The name Henry Antheil, Jr, is on a tombstone in Riverview Cemetery, but he is not buried there. Henry, the younger brother of avant-garde composer George Antheil, was a Trenton, New Jersey native who joined the U.S. Foreign service as a cipher clerk and was posted in Helsinki, Finland, at the beginning of World War II. Henry Antheil, Jr., could be considered an early American casualty of both World War II and the Cold War.
As the Nazis advanced on Paris, the Soviet Union moved towards taking over the Baltic country of Estonia. On June 14, 1940, the 27 year old Antheil was sent to pick up several diplomatic pouches from the American legation in Estonia’s capital. He then board a Finnish commercial airplane, the Kaleva, to return to Finland. Less than ten minutes after the Kaleva took off from Estonia, two Soviet bombers intercepted it and shot it out of the sky. Almost immediately, a Soviet submarine arrived at the crash location and seized the diplomatic pouches. There were no survivors. The plane has never been recovered.
Although the attack was witnessed by Estonian fishermen, news reports at the time made no mention of the Soviet attack, reporting that the plane “mysteriously exploded” over the water. The Soviets invaded Estonia a couple of days later. The Finnish government, fearful of Soviet aggression, remained quiet about the incident until the Soviet Union invaded their country, too.
What was in the diplomatic pouches? They likely included American code books. Some think the Americans had also obtained the details of a secret agreement between Soviet Union and Nazi Germany. In 1939 the two countries had signed a neutrality agreement, the Molotov-Ribbentrop Pact. At the same time, they had secretly agreed to divide up much of northern Europe between the two of them, with the Soviets getting Estonia and Finland.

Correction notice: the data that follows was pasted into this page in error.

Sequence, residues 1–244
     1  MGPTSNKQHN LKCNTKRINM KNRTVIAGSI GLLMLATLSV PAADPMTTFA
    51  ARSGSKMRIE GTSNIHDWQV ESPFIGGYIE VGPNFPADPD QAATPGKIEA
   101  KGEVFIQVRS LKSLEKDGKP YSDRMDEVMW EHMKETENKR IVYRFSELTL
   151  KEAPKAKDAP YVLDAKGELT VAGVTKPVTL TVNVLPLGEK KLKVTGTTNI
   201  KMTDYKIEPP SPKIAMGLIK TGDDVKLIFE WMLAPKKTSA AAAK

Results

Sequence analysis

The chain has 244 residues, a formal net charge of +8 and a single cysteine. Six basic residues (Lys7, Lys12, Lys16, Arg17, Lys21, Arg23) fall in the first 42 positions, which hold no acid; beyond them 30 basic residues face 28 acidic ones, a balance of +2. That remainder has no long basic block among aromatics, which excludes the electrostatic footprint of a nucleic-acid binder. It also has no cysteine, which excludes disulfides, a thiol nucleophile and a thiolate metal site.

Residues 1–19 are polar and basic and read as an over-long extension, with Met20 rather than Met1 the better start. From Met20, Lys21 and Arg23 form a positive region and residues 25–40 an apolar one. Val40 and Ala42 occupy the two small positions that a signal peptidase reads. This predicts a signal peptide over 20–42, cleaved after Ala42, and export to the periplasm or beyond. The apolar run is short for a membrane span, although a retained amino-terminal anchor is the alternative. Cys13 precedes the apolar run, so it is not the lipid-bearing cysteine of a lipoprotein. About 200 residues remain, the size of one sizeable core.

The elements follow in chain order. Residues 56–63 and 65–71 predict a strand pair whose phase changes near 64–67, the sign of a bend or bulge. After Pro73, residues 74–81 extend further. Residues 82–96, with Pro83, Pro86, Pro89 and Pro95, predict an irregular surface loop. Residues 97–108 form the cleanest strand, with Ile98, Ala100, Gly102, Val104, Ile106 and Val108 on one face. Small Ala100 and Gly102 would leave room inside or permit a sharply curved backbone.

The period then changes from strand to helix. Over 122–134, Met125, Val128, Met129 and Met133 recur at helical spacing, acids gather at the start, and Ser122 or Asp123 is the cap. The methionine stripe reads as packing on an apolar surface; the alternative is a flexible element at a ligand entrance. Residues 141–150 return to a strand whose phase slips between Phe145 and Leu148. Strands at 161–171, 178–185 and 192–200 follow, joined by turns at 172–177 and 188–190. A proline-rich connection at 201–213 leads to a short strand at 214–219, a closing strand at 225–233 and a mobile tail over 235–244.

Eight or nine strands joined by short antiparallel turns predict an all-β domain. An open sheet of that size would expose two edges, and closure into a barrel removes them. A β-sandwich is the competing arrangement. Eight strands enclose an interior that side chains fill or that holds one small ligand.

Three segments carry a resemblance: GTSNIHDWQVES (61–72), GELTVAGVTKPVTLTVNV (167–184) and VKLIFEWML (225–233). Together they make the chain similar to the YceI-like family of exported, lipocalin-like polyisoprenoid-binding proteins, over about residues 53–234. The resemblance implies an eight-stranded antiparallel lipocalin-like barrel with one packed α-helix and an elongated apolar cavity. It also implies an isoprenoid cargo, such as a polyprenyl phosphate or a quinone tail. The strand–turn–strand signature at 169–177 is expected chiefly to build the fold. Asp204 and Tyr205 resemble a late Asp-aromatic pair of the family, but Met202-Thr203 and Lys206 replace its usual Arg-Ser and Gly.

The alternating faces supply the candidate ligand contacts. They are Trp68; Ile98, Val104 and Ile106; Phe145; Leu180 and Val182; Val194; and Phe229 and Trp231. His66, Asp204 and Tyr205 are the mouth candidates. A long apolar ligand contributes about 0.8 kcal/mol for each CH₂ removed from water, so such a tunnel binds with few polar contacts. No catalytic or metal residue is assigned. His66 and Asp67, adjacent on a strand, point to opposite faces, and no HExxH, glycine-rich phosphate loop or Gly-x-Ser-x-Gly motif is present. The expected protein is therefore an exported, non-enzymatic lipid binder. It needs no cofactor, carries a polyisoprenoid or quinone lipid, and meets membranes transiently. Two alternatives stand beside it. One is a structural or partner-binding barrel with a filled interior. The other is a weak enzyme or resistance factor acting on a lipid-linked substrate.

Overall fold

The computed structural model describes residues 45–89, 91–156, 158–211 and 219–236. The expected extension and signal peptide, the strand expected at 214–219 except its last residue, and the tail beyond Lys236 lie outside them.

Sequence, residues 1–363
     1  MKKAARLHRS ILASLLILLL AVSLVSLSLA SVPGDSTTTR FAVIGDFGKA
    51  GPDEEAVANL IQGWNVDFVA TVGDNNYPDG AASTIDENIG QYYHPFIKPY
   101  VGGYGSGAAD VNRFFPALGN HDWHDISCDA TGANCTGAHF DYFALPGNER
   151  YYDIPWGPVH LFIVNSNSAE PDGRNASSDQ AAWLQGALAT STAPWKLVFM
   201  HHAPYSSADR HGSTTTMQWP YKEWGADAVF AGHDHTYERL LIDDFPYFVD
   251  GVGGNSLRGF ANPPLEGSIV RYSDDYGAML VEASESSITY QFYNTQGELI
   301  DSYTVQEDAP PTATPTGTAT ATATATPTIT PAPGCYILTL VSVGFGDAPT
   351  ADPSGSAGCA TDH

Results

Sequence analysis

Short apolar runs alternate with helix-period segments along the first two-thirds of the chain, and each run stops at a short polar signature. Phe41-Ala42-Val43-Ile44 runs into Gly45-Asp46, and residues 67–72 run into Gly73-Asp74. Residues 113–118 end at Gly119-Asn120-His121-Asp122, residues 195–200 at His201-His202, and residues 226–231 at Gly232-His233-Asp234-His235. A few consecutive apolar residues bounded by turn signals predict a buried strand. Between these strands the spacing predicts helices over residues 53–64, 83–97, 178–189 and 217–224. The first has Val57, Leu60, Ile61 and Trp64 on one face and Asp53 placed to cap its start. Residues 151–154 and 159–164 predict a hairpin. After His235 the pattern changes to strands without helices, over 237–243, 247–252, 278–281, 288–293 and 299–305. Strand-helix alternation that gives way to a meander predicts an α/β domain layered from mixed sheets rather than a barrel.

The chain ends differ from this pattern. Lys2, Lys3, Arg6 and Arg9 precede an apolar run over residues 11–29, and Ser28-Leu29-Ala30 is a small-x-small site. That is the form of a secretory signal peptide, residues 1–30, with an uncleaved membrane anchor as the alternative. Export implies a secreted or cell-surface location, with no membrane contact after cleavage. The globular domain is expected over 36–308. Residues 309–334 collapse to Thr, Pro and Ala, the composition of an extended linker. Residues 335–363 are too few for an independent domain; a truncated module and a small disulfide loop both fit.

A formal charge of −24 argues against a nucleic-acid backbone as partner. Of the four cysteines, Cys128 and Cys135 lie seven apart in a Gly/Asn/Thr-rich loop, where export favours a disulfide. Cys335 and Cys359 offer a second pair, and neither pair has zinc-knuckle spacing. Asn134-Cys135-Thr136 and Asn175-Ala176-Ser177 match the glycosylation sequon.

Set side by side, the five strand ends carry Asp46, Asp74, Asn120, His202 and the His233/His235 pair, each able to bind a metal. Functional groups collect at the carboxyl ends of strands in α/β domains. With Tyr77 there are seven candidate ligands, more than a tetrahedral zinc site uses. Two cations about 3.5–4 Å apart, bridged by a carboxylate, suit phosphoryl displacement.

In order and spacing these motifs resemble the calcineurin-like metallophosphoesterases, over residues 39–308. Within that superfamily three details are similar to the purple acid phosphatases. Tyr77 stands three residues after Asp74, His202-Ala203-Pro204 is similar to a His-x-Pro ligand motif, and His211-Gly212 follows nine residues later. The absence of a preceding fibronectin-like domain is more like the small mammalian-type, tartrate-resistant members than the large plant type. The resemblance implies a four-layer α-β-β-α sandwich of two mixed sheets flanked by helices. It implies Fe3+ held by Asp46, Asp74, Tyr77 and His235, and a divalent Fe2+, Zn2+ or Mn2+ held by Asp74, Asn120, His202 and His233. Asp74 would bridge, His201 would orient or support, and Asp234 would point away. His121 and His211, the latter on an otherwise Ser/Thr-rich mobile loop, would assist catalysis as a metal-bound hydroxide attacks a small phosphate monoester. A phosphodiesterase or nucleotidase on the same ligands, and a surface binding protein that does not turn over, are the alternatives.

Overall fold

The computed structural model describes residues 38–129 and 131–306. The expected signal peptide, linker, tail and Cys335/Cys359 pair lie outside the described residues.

Henry’s brother, George, was a prominent musician, composer, and self-proclaimed “bad boy of music.” By the late 1930s, he had transitioned to scoring music for Hollywood films, but also wrote for Esquire magazine. In 1939, George published “Germany Never Had a Chance,” in which predicted the forthcoming world war and how the Nazis would eventually be defeated. One source for that article was his brother, Henry. George later wrote that when the two were together in Trenton that year, they had discussed politics. Hitler would “have his teeth kicked in,” Henry had asserted. “The reason is that the damned fool will attack Russia…This may finish him off, but I’m afraid not. I think we’ll eventually have to get in. Russia’s strong, but not quite strong enough.”
Not long after his brother was killed, George would meet actress Hedy Lamarr (that meeting was triggered by a completely different Esquire article George had written). Both wanted to do something to help America’s fight against fascism. That meeting resulted in their now-famous collaboration on a secret torpedo guidance system Lamarr called frequency hopping.
1945 Bad Boy of Music. Doubleday, Doran, and Co. New York.
Shearer, Steven Michael
2010 Beautiful: The Life of Hedy Lamarr. Thomas Dunne Books, St. Martin’s Press, New York.